Monday, 11 April 2016

The Original Levellers

Gerrard Winstanley and The Levellers

"Was the earth made to preserve a few covetous, proud men to live at ease, and for them to bag and barn up the treasures of the Earth from others, that these may beg or starve in a fruitful land; or was it made to preserve all her children?" (Gerrard Winstanley)

The Levellers are coming to the Jersey Folklore Festival

They are a Folk-rock band, and the festival has more to do with folk music than with folklore. So don’t expect any sayings from the Levellers of folk and history! So who were the original levellers?

The Levellers were early Christian radicals whose ideas helped to shape the American and French revolutions, and inspired generations of socialists. Along with the Diggers, they promoted a fairer more equal society.

I first came across them in the writings of Tony Benn, who has this to say about them:

“The issues raised in the historic conflict between Charles I, resting his claim to govern Britain on the divine right of kings, and Parliament - representing, however imperfectly, a demand for the wider sharing of power - concerned the use and abuse of state power, the right of the governed to a say in their government, and the nature of political freedom.”

“The Levellers grew out of this conflict. They represented the aspirations of working people who suffered under the persecution of kings, landowners and the priestly class, and they spoke for those who experienced the hardships of poverty and deprivation. They developed and campaigned, first with Cromwell and then against him, for a political and constitutional settlement of the civil war which would embody principles of political freedom, anticipating by a century and a half the ideas of the American and French revolutions.”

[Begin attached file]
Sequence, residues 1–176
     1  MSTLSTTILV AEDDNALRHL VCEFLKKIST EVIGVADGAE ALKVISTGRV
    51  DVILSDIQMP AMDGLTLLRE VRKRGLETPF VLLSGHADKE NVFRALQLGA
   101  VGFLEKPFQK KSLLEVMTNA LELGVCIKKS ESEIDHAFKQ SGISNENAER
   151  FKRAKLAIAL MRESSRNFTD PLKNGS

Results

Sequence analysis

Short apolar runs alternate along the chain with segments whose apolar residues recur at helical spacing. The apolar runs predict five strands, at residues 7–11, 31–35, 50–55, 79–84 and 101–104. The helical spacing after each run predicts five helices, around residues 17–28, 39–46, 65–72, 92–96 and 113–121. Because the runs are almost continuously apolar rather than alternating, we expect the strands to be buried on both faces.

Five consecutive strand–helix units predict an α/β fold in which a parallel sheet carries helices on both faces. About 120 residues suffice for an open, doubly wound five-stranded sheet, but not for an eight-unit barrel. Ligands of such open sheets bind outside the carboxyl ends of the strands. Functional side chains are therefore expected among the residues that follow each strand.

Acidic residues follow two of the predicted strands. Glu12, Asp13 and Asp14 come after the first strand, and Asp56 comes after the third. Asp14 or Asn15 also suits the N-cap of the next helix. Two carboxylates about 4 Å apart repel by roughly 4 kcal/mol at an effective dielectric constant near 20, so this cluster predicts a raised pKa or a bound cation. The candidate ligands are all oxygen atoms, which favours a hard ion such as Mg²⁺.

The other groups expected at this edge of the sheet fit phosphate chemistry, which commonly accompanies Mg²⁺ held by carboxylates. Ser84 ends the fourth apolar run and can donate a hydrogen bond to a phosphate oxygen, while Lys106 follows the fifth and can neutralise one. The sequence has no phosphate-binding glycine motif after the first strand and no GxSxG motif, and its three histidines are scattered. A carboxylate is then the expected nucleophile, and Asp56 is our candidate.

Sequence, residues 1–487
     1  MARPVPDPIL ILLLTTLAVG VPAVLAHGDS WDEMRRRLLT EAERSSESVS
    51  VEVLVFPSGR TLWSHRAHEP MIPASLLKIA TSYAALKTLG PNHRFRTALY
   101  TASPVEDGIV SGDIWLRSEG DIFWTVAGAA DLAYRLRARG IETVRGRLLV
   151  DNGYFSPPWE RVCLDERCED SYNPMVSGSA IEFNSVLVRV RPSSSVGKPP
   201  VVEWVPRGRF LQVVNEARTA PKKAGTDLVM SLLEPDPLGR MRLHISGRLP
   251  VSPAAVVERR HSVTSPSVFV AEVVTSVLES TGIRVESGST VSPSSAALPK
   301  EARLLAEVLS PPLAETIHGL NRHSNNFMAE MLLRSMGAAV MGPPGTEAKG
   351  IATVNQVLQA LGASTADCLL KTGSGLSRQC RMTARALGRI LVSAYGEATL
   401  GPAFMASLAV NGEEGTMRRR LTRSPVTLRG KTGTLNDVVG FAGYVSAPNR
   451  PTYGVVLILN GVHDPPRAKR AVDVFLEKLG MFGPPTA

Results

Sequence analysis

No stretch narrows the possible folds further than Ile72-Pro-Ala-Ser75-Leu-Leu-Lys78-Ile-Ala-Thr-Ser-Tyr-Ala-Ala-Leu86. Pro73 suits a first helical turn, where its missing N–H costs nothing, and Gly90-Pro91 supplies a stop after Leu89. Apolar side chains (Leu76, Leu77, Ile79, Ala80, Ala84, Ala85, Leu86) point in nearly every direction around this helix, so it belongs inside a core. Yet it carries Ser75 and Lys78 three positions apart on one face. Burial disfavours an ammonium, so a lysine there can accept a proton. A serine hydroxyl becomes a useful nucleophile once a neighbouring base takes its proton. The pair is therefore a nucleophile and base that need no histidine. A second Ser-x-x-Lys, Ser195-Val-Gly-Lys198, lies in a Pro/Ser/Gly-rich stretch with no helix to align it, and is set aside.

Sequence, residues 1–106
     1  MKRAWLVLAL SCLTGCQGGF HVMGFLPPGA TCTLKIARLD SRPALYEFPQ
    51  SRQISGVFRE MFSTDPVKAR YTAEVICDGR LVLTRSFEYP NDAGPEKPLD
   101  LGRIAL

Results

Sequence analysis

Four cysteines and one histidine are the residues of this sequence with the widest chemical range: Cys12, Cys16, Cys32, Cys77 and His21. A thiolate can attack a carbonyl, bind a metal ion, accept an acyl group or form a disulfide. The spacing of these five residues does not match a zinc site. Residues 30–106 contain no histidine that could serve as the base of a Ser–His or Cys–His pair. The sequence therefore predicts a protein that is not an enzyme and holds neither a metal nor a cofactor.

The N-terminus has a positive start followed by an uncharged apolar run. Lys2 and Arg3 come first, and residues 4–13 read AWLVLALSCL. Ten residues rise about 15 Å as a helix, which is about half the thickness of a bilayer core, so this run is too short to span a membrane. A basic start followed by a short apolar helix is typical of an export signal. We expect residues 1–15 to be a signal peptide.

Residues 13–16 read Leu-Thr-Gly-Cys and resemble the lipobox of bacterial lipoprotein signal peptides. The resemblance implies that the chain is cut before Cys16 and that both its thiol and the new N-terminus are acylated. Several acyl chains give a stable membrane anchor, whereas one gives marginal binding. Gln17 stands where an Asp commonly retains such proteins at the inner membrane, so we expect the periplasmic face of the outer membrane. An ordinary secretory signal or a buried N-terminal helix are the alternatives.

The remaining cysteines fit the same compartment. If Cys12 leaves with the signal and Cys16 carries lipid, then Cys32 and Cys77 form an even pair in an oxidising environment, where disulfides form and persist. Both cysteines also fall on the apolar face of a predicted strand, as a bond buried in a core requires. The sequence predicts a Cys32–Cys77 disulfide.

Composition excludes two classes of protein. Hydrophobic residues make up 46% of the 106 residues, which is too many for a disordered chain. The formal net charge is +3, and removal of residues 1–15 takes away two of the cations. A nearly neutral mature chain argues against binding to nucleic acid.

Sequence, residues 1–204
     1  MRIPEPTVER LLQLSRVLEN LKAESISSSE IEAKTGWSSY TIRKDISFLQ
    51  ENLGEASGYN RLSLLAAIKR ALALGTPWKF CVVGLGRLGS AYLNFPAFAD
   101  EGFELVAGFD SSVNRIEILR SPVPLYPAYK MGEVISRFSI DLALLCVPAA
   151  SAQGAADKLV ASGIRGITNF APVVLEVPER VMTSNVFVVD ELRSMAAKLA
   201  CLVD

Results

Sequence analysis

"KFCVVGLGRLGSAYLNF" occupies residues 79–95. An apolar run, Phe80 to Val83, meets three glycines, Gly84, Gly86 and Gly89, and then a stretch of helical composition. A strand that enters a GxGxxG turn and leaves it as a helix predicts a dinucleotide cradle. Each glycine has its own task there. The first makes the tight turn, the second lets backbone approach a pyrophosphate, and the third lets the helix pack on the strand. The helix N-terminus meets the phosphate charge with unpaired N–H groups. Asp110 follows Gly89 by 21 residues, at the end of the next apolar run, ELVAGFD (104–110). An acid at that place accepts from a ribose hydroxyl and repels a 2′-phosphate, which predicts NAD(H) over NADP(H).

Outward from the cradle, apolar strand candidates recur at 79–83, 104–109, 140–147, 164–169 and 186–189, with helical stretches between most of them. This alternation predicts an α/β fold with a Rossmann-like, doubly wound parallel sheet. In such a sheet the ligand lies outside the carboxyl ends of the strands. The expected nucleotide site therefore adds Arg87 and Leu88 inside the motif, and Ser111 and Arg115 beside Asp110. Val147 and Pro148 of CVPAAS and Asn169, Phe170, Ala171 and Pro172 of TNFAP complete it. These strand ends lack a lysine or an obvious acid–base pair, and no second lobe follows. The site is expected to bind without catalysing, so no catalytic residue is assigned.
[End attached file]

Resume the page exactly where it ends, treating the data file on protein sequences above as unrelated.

Tony Benn is an interesting socialist because while much of the roots of English socialism came from Marx and Communism, there was a strand which did not. Orwell saw this plainly, and himself forged a blueprint for a democratic socialism opposed to Communism, which he saw in practice led to dictatorship and suppression of anyone who spoke against the State.

Benn also sought to find roots for his socialism not in Marx but in the early English traditions, and in particular in the “Levellers” and “Diggers”, groups with what was then seen as a radical agenda, giving expression in the aftermath of the English Civil War.

The Levellers took their own roots from the Bible, which they applied not merely to a private religious domain, but saw as a universal ideal. As one pamphlet stated:

“The relation of Master and Servant has no ground in the New Testament; in Christ there is neither bond nor free... The common people have been kept under blindness and ignorance, and have remained servants and slaves to the nobility and gentry...”

The Digger leader, Gerard Winstanley, wrote in his pamphlet The True Levellers' Standard Advanced, published on April 26th 1649. This quotation shows how they looked back at the creation stories of the Old Testament, and made them their own:

“In the beginning of Time, the great Creator, Reason, made the Earth to be a Common Treasury, to preserve Beasts, Birds, Fishes and Man, the Lord that was to govern this Creation; for Man had Domination given to him, over the Beasts, Birds and Fishes; but not one word was spoken in the beginning, that one branch of mankind should rule over another ... And that Earth that is within this Creation made a Common Storehouse for all, is bought and sold, and kept in the hands of a few, whereby the great Creator is mightily dishonoured...”

But by 1650 the Levellers' movement had been effectively crushed.

They were not complete democrats (they didn't advocate universal suffrage for servants or women), but in the striving for a more equal society, they made a very English contribution to later socialism.

And while we might not go as far as they do with their disregard for money, we can also take note of a society in which money is made very much into an idol, where bankers and traders who nearly brought economic ruin go free, and not only go free, but start once again their same old ways of a bonus culture that is still out of control, without proper safeguards.

"Money must not any the great god that hedges in some and hedges out others, for money is but part of the Earth; and after our work of the Earthly Community is advanced, we must make use of gold or silver as we do of other metals but not to buy or sell."

That was signed by Gerrard Winstanley and 44 others in "A Declaration from the Poor Oppressed People of England Directed to all that Call Themselves or are Called Lords of Manors"

1 comment:

James said...

Tony Benn is an interesting socialist because while much of the roots of English socialism came from Marx and Communism, there was a strand which did not.

It was long ago said by Morgan Phillips, then General Secretary of the Labour Party, that socialism in the UK owed more to Methodists than it ever did to Marx.